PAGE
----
Les Indiens Atikamekw (French version)
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|Les Indiens Atikamekw (French version)|
Native American Facts For Kids was written for young people learning about the Atikameks for school or home-schooling reports. We encourage students and teachers to visit our main Atikamekw pages for in-depth information about the tribe, but here are our answers to the questions we are most often asked by children, with Atikamekw pictures and links we believe are suitable for all ages. Photographs are the property of the sources we have credited.
|They do the same things any children do--play with each other, go to school and help around the house. Many Atikamekw children like to go hunting and fishing with their fathers. In the past, Indian kids had more chores and less time to play, just like colonial children. But they did have toys and games to play with, such as dolls or cone-spearing games. Atikamekw mothers, like many Native Americans, traditionally carried their babies in cradle boards on their backs--a custom which many American parents have adopted now.|
|Atikamekw people lived in villages of small cone-shaped buildings called wigwams (the wigwam house on the left belonged to an Innu family.) Atikamekw wigwams were made of a wooden frame covered with caribou skins, birchbark, or sometimes packed earth. One Atikamek family lived in each wigwam. They were crowded homes, but warm. Here are some pictures of Indian houses like the ones the Attikameks used. Today, Native Americans only build a wigwam for fun or to connect with their heritage. Most Atikameks live in modern houses just like you.|
Cree style outfit
Atikamekw women wore long dresses with removable sleeves and the men wore
breechcloth and leggings. Both genders wore
leather moccasins on their feet and
cloaks or ponchos in bad weather. Later, Atikamekw people adapted European costume such as jackets and French-influenced
dresses, making them from fringed buckskin and decorating them with moose-hair embroidery and beadwork. Here is a picture of a
and some photographs and links about Native American dress in general.
The Atikamekw didn't wear long headdresses like the Sioux. They usually wore fur or leather caps decorated with feathers. Atikamekw men and women generally wore their hair in two long braids, and both genders painted their faces with bright colors for special occasions. They used different patterns for war paint, religious ceremonies, and festive decoration. In the past, Atikamekw men wore elaborate tribal tattoos, but this custom has not been practiced in many years.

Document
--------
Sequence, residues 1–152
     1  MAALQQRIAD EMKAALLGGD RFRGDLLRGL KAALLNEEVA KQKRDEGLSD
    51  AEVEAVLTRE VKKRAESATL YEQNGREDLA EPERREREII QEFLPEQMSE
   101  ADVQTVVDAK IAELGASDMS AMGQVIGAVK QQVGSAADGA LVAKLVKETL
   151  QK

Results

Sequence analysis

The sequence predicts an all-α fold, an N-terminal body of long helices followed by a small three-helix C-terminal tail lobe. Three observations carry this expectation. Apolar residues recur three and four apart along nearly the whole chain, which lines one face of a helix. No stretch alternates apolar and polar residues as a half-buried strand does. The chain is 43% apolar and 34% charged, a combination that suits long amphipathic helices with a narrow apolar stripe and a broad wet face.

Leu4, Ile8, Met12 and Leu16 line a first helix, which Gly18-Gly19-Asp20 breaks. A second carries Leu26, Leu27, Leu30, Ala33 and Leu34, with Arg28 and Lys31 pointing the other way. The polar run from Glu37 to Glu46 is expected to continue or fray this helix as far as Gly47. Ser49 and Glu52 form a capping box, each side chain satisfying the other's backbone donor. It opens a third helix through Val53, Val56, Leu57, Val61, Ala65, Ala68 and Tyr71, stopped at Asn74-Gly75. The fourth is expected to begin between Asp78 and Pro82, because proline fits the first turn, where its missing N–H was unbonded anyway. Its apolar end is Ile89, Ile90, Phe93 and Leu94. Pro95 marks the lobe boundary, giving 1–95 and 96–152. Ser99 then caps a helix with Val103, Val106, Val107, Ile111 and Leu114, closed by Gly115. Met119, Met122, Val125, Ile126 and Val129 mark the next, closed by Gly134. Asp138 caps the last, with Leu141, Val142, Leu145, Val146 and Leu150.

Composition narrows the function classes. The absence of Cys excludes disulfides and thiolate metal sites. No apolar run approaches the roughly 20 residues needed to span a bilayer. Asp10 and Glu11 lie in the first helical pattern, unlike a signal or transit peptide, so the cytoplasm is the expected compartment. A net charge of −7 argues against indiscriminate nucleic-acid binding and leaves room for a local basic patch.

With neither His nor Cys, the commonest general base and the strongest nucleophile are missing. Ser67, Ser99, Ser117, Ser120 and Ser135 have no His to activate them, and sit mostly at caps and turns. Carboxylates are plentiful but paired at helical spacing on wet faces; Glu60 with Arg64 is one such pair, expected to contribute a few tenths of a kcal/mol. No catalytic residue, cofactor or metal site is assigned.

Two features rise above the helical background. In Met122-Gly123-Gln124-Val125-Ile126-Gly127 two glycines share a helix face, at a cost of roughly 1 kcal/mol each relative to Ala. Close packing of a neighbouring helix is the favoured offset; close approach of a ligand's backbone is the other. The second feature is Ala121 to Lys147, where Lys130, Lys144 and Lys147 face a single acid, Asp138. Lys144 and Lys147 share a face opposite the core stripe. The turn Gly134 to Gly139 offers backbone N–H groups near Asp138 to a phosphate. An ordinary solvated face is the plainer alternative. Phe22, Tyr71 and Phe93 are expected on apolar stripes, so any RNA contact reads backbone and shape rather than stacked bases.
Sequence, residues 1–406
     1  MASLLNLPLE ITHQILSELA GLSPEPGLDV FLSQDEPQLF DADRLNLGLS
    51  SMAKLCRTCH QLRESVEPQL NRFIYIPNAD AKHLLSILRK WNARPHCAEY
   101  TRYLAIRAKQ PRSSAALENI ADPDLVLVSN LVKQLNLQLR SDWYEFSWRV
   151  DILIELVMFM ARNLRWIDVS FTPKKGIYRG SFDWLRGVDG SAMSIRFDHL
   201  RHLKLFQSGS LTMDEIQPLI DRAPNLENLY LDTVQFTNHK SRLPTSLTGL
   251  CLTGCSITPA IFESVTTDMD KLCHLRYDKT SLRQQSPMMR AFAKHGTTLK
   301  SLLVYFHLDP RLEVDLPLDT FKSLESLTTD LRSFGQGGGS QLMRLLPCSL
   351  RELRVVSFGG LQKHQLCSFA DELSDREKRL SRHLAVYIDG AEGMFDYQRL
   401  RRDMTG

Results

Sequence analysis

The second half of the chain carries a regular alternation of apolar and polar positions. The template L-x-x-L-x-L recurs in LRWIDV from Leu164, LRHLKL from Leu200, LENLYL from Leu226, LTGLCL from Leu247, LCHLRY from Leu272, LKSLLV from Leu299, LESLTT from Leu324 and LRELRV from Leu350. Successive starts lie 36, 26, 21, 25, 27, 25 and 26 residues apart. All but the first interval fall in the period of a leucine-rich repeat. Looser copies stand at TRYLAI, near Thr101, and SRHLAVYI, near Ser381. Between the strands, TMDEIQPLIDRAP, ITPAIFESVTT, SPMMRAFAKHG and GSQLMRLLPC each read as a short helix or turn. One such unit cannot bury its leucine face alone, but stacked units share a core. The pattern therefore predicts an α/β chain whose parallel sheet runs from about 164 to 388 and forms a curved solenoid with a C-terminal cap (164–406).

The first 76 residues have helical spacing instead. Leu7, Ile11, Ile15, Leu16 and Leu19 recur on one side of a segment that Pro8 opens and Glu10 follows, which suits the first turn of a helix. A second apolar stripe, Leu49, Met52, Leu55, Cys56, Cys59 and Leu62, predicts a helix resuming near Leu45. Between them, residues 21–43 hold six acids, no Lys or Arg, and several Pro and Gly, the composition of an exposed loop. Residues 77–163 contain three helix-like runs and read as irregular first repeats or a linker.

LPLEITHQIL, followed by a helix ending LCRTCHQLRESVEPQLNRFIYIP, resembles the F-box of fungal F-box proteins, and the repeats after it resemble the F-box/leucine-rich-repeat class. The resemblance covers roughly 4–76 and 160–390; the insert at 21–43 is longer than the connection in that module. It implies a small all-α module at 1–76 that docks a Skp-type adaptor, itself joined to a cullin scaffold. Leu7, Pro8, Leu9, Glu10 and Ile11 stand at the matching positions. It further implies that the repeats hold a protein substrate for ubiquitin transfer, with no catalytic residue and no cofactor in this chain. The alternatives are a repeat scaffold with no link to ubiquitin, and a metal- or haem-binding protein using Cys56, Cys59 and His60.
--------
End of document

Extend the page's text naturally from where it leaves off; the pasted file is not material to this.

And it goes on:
Today, many Atikamekw people still wear moccasins or a buckskin shirt, but they usually wear modern clothes like jeans instead of breechcloths... and they only wear feathers or roaches in their hair on special occasions like a dance.
|Yes--the Atikamekw Indian tribe was well-known for their birchbark canoes. Here's an article with Indian canoe pictures. Canoeing is still popular within the Atikamekw nation. Over land, the Attikameks used dogs as pack animals. (There were no horses in North America until colonists brought them over from Europe.) Attikameks also used sleds and snowshoes to help them travel in the winter. Today, of course, Atikamekw people also use cars and snowmobiles... and non-native people also use canoes and snowshoes.|
What was Atikamekw food like in the days before supermarkets?|
The Atikamekw were primarily hunting people. The men tracked caribou on their snowshoes, fished, and hunted marine mammals from their canoes. Women caught small game such as rabbits and gathered nuts and fruits. Many Atikamekw people continue to live off the land as their ancestors did, though today they use modern tools such as guns. Here is a website with more information about Native American food.
What were Atikamekw weapons and tools like in the past?
Atikamekw hunters and warriors used bows and arrows, spears, and clubs. Fishermen usually used bone fishhooks and nets. Here is a website with pictures and more information about Native American weapon styles.
|Atikamekw artists are known for their quilling art, birchbark baskets, and elaborate masks like the one in this picture.|
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